“I can’t talk about cases. I can talk about cases when we make a decision when a case is filed and when a case is resolved. Prior to that and during the pendency of it there is really not anything I’m permitted to say or talk about,” Mears said. “I think everybody for the most part in our community understands that. I think there are some people that may have a different perspective but the ground rules are pretty clear.”
Rules for thee but not for Mears
The ground rules are clear. Mears application of these rules, however, are clearly subject to his own personal interests. The cops can do whatever they want, whenever they want, and without any consequences. A cop like Correll, with a documented history of racist violence and civil-rights violations, can murder Harrell and be rewarded with a now two-month long paid vacation. However, if a small group of people ask for a meeting with Mears, that is absolutely impossible.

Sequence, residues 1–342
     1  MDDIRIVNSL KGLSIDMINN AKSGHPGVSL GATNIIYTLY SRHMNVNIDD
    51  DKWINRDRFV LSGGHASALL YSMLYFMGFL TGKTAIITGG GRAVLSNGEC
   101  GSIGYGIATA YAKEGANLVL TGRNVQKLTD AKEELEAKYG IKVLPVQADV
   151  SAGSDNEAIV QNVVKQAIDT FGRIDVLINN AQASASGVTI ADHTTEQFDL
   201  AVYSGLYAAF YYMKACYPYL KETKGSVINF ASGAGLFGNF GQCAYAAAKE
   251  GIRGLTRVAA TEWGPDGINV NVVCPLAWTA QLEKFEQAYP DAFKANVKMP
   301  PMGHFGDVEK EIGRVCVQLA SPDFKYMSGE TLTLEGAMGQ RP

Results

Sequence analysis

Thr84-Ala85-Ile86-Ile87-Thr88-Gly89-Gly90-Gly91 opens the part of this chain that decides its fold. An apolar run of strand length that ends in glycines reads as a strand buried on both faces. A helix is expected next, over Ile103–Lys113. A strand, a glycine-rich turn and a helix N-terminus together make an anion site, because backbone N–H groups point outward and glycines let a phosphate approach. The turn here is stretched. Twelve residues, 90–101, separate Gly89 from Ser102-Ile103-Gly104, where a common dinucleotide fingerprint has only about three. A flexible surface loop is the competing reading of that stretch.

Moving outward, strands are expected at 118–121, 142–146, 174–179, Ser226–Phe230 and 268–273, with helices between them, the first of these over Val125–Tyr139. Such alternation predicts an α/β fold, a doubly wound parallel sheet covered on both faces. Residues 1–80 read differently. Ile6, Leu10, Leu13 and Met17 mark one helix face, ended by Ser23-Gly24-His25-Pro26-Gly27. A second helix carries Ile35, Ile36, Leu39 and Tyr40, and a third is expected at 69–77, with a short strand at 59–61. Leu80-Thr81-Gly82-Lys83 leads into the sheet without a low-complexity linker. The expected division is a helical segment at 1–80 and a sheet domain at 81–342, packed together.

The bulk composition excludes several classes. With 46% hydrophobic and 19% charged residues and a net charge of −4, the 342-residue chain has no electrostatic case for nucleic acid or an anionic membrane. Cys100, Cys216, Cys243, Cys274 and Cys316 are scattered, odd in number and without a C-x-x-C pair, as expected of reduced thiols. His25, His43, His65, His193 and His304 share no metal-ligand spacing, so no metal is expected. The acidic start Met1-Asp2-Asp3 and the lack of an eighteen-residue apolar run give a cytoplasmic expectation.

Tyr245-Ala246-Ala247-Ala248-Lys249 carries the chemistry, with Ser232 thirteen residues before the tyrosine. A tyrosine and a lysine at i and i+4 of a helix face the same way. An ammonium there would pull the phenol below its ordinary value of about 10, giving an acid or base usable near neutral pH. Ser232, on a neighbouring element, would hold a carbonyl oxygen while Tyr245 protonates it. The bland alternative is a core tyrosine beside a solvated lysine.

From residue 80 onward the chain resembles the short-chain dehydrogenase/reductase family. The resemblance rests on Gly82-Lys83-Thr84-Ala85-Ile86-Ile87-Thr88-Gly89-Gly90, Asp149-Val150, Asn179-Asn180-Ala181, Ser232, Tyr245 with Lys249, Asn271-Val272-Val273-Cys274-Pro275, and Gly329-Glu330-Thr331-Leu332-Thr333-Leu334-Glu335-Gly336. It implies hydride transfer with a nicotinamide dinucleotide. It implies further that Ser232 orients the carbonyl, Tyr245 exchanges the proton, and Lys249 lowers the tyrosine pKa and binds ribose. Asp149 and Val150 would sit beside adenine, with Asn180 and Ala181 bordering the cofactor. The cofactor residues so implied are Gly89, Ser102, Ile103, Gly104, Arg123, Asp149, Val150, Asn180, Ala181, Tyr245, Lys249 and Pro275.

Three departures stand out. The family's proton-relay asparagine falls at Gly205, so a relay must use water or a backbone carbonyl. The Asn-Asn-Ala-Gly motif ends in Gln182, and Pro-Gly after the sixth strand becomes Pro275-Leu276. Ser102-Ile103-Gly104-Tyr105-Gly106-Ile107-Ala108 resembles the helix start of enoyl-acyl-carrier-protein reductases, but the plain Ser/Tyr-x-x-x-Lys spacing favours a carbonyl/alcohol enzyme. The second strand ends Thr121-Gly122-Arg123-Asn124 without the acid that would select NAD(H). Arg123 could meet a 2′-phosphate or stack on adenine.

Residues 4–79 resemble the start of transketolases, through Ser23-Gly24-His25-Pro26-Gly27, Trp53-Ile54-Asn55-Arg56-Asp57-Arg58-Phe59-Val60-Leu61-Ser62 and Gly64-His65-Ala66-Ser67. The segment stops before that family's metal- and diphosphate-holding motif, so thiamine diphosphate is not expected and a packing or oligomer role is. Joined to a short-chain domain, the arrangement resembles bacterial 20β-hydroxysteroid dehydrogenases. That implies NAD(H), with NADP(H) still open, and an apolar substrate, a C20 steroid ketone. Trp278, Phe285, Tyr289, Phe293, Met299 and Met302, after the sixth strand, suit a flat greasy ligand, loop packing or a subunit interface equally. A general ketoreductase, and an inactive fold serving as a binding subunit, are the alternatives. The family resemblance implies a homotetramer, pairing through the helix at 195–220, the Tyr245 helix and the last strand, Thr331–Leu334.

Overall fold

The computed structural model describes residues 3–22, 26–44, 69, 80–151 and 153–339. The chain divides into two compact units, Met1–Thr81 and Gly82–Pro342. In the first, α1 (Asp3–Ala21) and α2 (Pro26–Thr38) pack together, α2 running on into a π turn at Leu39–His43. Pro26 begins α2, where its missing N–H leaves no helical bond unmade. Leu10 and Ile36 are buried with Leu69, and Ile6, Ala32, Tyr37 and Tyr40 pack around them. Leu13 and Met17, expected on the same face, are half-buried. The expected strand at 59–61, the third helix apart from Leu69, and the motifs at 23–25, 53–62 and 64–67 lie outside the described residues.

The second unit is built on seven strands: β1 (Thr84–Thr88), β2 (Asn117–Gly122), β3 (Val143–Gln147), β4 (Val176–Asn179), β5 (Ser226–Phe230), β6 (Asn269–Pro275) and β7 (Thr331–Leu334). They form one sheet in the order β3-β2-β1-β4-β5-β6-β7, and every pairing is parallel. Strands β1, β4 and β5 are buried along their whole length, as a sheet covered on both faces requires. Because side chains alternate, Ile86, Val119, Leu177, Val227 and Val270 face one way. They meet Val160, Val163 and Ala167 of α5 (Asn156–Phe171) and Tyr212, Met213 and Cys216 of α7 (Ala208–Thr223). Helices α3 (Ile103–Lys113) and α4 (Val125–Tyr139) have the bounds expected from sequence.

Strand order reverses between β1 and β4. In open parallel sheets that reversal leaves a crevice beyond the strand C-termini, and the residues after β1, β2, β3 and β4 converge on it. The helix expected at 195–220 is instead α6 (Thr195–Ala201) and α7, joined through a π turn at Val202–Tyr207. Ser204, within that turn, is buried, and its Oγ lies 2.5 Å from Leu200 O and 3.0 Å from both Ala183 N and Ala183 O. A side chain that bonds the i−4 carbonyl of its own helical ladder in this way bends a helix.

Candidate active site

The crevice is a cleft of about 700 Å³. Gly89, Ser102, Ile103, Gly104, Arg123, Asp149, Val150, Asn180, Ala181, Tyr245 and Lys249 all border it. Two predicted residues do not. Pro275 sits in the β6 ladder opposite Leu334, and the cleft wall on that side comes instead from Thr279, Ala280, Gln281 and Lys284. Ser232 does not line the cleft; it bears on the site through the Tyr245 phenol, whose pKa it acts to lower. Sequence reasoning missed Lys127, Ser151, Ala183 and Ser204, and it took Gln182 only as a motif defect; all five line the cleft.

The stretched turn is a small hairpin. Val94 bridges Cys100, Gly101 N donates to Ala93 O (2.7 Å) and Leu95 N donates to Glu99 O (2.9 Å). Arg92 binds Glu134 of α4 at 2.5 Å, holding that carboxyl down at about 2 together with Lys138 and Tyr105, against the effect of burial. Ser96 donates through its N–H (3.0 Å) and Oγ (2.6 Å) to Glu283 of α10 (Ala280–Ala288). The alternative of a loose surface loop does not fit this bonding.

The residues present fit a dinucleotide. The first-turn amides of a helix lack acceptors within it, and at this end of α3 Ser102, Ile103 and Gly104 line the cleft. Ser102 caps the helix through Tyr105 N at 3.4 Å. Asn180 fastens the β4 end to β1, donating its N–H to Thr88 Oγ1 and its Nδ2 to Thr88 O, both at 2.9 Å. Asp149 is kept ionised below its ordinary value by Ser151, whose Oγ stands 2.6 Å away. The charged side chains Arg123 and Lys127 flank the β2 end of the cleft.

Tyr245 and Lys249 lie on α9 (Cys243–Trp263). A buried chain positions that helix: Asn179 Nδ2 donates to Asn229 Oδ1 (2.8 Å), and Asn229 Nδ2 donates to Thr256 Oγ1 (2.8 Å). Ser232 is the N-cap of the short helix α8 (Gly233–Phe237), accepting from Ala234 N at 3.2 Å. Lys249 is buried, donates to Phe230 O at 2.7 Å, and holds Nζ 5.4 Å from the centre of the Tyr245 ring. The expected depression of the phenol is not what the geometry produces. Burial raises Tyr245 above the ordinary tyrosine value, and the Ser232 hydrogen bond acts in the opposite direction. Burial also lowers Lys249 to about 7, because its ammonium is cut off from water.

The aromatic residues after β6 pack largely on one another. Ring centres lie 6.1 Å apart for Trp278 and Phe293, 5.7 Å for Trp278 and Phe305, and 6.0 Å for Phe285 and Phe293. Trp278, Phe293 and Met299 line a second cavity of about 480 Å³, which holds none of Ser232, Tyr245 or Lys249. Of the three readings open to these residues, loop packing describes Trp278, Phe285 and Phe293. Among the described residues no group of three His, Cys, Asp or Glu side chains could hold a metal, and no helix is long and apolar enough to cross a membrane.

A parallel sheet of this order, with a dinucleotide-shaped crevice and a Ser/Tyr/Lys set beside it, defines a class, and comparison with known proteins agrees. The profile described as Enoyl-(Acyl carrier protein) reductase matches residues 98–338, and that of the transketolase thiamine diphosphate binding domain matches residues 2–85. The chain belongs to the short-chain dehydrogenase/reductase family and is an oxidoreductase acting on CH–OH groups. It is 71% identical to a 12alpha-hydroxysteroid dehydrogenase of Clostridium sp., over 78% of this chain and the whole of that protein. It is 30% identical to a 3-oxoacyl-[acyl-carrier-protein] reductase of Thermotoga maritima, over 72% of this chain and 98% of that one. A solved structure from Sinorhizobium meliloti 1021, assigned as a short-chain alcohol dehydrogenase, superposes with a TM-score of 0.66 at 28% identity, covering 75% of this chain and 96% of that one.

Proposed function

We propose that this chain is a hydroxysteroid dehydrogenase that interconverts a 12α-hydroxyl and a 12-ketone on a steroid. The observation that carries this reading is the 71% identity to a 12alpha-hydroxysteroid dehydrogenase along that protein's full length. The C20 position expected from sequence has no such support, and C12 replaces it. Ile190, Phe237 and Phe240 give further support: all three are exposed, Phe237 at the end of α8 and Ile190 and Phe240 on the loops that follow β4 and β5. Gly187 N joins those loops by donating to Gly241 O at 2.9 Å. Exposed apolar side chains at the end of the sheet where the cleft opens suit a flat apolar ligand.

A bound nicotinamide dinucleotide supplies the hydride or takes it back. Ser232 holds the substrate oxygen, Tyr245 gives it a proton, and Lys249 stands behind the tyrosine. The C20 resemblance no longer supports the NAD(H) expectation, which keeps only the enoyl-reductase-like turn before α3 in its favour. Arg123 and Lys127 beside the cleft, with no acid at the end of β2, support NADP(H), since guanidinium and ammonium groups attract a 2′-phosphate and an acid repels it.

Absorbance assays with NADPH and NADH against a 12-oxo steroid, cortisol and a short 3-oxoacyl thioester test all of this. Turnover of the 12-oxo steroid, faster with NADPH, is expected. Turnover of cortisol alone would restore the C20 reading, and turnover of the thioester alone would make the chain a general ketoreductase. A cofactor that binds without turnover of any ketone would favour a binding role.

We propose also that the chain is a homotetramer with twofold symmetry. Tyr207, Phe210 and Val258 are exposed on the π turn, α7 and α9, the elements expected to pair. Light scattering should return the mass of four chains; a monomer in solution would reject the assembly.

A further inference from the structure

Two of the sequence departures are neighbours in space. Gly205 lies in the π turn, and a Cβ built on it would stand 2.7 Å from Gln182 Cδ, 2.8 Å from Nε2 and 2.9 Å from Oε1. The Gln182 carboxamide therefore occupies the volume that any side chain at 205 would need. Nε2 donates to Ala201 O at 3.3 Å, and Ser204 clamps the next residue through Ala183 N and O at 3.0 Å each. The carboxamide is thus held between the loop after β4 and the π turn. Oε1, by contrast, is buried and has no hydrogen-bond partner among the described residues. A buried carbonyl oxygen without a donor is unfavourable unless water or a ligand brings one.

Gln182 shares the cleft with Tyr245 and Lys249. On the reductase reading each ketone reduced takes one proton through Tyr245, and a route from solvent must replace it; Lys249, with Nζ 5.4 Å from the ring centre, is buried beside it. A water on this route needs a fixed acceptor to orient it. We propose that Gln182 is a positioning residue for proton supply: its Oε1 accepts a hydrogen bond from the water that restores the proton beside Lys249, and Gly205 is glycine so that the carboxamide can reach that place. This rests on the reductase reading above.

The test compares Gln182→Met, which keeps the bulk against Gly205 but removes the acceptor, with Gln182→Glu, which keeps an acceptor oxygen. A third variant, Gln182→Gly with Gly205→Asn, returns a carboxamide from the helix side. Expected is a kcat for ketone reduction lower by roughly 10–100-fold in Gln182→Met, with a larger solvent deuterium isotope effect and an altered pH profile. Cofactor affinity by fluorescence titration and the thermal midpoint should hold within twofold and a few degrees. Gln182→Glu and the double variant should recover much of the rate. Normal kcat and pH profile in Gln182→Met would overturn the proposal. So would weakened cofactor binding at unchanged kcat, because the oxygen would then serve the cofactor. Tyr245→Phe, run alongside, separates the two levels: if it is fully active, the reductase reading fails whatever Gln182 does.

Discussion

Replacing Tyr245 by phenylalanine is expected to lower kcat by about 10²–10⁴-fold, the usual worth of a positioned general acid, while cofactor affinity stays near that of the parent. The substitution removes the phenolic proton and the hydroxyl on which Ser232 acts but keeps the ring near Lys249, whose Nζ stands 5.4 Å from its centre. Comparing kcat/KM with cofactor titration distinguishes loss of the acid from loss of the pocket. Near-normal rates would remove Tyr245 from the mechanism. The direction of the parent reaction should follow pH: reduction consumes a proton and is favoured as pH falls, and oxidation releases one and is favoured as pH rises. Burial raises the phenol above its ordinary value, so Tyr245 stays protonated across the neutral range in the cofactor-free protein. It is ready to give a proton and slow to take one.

In reality, the ground rules clearly state Mears can indict Correll right now. We think that most of the people in Indianapolis, those who don’t work in high-rise offices protected by cops on the ground floor, share that perspective.